Detained and Searched Law Professor Threatens to Sue DEA and SFPD
Last month agents from the Drug Enforcement Agency (DEA) and the San Francisco Police Department (SFPD) executed a search warrant at a private residence in the Castro district of San Francisco. They were looking for “proceeds” from an illegal marijuana cultivation operation. Instead, they found a very angry law professor from UC Hastings, Clark Freshman, in his bathrobe ,who then told the agents they had the wrong building. Agents ignored his pleas, handcuffed him, and searched his home thoroughly for contraband. They found none. Now Freshman is threatening to sue the DEA and the SFPD, stating that he is going to sue them until “”I see [the agents'] houses sold at auction and their kids’ college tuitions taken away from them. There will not be a better litigated case this century.”
Officer Scott Biggs from the SFPD had previously surveiled the property while looking for Mahmoud Larizadeh, the building’s owner. Biggs described the home he eventually searched as a “two-story, one-unit” residence; a simple visual inspection of the property reveals it is actually a three-story, two-unit building. The warrant also doesn’t mention that Larizadeh’s daughter, who is seven months pregnant, was living downstairs. She was detained and searched when the police raided the residence. When asked for comment the SFPD has repeatedly claimed that it had a valid warrant to search the premises and executed that warrant lawfully.
Law professors have a different take on this particular search and seizure. There have been many previous situations where police serving a warrant to search a single residence will later find out the residence is a multi-unit building and decide to seize the entire building and all residents within. Wrongfully detained citizens have sued municipalities for such unlawful searches and won. Investigators tend to describe and execute warrants as broadly as possible partly because they are unsure where the contraband is and partly because they are too lazy to investigate those important details. Peter Keane, the dean emeritus at Golden Gate University’s School of Law, described the outcome of cases of over-executing search warrants, “[i]n those cases, people have sued and collected substantial settlements. I think whomever (sic) is representing the government better get out his checkbook.”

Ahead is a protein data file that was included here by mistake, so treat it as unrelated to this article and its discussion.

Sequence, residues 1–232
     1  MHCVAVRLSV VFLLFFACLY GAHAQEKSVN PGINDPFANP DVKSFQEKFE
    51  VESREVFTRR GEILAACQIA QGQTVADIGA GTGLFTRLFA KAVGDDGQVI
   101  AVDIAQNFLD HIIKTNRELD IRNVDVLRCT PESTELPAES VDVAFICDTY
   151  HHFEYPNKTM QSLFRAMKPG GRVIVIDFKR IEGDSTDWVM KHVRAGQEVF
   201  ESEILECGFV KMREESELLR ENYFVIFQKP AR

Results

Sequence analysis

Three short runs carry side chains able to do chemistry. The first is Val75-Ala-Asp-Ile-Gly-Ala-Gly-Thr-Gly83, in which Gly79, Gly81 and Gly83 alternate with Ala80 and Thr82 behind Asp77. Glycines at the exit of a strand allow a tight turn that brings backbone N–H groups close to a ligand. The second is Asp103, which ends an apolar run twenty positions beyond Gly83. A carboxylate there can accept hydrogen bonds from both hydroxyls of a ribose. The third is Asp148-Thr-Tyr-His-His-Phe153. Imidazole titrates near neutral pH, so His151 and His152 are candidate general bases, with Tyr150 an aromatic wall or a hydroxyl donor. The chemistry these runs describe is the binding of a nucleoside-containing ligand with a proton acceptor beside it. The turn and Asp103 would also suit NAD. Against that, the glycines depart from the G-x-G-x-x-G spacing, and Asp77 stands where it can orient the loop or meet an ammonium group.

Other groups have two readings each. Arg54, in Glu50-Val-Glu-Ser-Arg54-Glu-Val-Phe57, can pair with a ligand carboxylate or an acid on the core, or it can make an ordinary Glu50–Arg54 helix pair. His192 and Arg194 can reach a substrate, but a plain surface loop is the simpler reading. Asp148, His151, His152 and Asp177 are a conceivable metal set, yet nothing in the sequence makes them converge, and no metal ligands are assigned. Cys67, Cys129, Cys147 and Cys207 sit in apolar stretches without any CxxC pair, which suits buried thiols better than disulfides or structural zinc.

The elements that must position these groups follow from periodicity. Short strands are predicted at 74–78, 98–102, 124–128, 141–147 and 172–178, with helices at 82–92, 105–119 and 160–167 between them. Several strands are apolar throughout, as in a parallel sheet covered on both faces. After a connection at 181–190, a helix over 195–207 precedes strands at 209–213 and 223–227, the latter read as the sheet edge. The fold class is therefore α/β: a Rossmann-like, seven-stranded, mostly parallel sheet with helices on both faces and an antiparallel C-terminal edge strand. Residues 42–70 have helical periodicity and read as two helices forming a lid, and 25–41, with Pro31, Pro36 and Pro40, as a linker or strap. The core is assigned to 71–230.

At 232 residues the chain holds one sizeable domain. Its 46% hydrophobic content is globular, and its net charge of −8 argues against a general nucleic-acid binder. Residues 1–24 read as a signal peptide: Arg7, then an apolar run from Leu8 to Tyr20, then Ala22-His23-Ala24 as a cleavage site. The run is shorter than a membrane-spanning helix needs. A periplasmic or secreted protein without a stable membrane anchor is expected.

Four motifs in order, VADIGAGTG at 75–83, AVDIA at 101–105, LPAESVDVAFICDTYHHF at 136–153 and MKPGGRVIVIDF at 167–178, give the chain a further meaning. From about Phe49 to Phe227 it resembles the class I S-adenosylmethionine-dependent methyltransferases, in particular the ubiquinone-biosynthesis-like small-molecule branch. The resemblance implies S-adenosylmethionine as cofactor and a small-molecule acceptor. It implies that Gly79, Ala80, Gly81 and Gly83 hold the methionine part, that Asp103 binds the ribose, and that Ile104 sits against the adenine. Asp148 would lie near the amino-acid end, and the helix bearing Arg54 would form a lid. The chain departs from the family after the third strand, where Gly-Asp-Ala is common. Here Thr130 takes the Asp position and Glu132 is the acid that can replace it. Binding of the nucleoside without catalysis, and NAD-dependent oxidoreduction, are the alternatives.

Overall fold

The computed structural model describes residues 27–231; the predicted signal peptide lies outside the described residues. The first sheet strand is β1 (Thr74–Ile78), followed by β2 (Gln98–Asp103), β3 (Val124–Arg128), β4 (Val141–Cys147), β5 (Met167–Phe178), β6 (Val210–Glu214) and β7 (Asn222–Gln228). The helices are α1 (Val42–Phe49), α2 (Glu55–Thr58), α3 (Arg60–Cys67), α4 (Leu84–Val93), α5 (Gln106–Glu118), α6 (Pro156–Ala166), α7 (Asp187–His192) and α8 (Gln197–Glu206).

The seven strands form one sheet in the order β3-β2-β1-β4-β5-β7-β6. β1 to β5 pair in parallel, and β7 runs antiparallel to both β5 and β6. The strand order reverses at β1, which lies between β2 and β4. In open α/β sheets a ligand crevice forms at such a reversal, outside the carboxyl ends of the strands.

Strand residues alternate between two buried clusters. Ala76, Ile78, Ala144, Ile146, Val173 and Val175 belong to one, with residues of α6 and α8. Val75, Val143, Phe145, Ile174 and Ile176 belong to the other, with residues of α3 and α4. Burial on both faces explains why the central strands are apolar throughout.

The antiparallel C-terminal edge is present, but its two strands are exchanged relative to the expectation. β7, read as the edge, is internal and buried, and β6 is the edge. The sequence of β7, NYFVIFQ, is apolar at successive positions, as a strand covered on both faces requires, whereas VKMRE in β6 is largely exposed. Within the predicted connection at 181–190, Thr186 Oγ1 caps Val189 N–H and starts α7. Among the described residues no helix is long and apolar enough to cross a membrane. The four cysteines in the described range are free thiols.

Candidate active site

Law enforcement needs to be very careful whenever they run into encounters with law professors, especially professors acquainted with criminal procedure. Cambridge police came up serious scrutiny in 2009 when they improperly detained Professor Louis “Skip” Gates from Harvard at his Cambridge home. The altercation with Skip Gates, presumably carrying racial undertones, sparked a national controversy and ended with having a beer with President Obama. To be fair, no one expects this altercation with Professor Freshman to make waves with the White House. While the two situations are clearly different, the lesson to law enforcement is the same: do not cross the line with professors because they know their rights and are not afraid to sue.